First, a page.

Whenever anybody asks what kind of music Mark Pontius and his fellow bandmates (Mark Foster and Cubbie Fink) play in Foster the People, he can never come up with an answer.

Some might classify the band's music as indie pop, alternative rock or (my personal favorite) neo-psychedelia.

"I think we, as a band, are hard to categorize," said Pontius during a phone interview. "It's hard to categorize bands at all I think. They're trying to mix a bunch of things and find their own way. There are a lot of in-betweens."

Nowadays, Pontius continued, musicians or bands just say what they are "inspired by and that's kind of what [they] sound like." For Pontius, his inspirations go back to when he was a child. He was raised alongside a sister five years older than him; she had the more extensive music collection. Growing up in the 1980s, Pontius found himself listening to a lot of his sister's pop music albums.

"I love that cheesy '80s stuff like Ace of Base, Phil Collins and Michael Jackson," said Pontius. "I don't know if I bring a lot of that into the band. There may be a little bit, subtly."

He added that everyone in Foster the People has different influences and is inspired by their own musical tastes. But some members of the band don't necessarily need inspiration to make a hit. Foster, for example, forced himself to write what would eventually become "Pumped Up Kicks" on a day when he didn't feel like writing.

That song would later grant Foster the People a multi-album record deal, high spots on musical charts and a Grammy Award nomination for "Best Pop Duo/Group Performance." The group's debut album "Torches" also earned a Grammy nomination for "Best Alternative Album." Foster the People earned its third nomination for "Best Short Form Music Video" thanks to the song "Houdini."

It's been almost a year since Foster the People released its followup album "Supermodel." Pontius said the band wasn't looking to surpass the previous "Torches," which was certified platinum in the U.S. Instead, the band was looking to try out different styles, which led to "Supermodels" becoming a much heavier album, musically, whereas "Torches" had more electronic sounds.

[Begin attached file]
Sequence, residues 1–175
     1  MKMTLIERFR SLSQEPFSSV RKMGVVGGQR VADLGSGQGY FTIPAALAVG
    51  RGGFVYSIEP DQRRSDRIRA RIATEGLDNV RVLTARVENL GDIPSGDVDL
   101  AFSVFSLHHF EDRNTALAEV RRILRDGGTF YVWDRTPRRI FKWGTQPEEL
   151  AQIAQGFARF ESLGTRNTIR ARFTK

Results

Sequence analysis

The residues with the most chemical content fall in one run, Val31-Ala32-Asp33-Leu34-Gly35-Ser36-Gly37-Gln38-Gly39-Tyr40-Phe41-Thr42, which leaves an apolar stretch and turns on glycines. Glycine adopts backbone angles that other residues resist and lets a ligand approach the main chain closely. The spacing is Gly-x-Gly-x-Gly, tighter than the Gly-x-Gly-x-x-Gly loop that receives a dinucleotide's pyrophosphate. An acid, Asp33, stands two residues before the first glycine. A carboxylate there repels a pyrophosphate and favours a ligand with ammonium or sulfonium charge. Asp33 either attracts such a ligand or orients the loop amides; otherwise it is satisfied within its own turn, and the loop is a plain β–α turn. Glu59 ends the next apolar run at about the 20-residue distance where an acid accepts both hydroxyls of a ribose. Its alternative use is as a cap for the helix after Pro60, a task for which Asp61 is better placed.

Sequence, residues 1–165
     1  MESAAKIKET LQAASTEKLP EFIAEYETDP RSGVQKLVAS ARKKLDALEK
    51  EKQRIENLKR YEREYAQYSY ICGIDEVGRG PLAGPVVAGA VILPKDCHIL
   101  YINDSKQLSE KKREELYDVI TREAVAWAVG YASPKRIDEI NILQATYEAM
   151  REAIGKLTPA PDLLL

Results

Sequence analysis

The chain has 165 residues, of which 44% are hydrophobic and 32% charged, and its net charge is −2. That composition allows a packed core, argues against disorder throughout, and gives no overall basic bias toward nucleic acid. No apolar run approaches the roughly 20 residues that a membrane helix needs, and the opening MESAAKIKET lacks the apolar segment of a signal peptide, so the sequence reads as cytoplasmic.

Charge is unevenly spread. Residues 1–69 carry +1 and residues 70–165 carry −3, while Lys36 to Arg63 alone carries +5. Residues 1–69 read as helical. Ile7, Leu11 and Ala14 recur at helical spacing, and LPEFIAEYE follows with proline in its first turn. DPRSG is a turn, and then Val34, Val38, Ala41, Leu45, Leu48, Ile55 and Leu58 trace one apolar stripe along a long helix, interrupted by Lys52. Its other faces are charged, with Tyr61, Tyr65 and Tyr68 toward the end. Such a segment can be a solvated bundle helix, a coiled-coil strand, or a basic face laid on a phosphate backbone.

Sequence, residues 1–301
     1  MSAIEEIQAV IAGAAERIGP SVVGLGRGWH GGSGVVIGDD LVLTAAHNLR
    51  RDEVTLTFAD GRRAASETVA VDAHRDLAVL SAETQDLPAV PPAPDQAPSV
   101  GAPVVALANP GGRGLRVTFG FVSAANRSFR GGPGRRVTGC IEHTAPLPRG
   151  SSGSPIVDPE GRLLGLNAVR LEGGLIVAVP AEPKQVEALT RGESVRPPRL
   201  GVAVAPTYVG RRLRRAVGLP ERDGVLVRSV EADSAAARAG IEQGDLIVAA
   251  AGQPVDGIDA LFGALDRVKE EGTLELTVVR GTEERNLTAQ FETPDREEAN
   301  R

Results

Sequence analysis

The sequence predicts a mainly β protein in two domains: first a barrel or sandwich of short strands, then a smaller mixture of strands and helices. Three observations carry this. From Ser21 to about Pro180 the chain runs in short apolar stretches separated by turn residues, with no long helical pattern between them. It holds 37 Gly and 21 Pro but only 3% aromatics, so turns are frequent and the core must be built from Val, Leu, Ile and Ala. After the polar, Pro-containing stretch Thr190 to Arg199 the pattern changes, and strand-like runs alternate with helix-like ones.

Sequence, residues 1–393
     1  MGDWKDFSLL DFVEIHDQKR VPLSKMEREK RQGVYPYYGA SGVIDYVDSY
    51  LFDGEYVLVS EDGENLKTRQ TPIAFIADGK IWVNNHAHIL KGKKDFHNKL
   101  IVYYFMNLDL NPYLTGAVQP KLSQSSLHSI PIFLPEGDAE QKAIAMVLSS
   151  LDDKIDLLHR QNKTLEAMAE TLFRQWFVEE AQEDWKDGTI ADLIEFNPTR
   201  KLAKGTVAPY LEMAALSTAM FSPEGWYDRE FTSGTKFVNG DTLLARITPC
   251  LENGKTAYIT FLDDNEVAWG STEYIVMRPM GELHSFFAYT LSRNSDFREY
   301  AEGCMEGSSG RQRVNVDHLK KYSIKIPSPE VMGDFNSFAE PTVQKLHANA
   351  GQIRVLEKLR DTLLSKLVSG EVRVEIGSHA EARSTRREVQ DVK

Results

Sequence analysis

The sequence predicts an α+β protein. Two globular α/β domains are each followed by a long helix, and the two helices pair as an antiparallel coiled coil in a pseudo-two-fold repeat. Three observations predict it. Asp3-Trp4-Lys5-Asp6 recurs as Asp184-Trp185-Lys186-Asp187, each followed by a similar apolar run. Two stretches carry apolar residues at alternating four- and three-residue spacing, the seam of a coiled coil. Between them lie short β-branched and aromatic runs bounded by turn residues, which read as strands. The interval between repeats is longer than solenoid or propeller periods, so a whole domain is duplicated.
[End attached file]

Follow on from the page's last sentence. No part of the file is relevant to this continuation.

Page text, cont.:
Pontius, Foster the People's drummer, said some songs featured Afrobeat or African-inspired rhythms which, as a percussionist, he found to be quite challenging.

"It's very different from the Western way of doing music," said Pontius, adding that he could talk forever about Afrobeat. "Everything is 4/4 [time signatures] in our music. With them it's 12-bar phrases and six-bar phrases and different time signatures.

"I learned American music. When you go to study African music, it's all completely the opposite. It's like you're breaking the rules, per se. And for me as a drummer, I feel like I'm learning to play drums again. It's really inspiring to me."

Though only a few tracks from "Supermodel" took influence from the Afrobeat sound, Pontius said he can try it out more during live shows.

"I don't think we've fully jumped into it" said Pontius. "That [the album] was just a little taste of that. I think with our live shows we're looking to do a little bit more of it, which is fun."

Perhaps Saturday in the Park will allow him to experiment with his playing a little bit? For now, Pontius just wants discover his unique style and sound and "keep that fluid throughout a lot of [their] records."

"But within that same world, changing styles and letting influences inspire you and fall into your playing," said Pontius. "But I like the idea of hearing the expression of a musician as the same when you hear it through a record. Like that band is that collection of musicians and you can tell right away. I like the idea of that."

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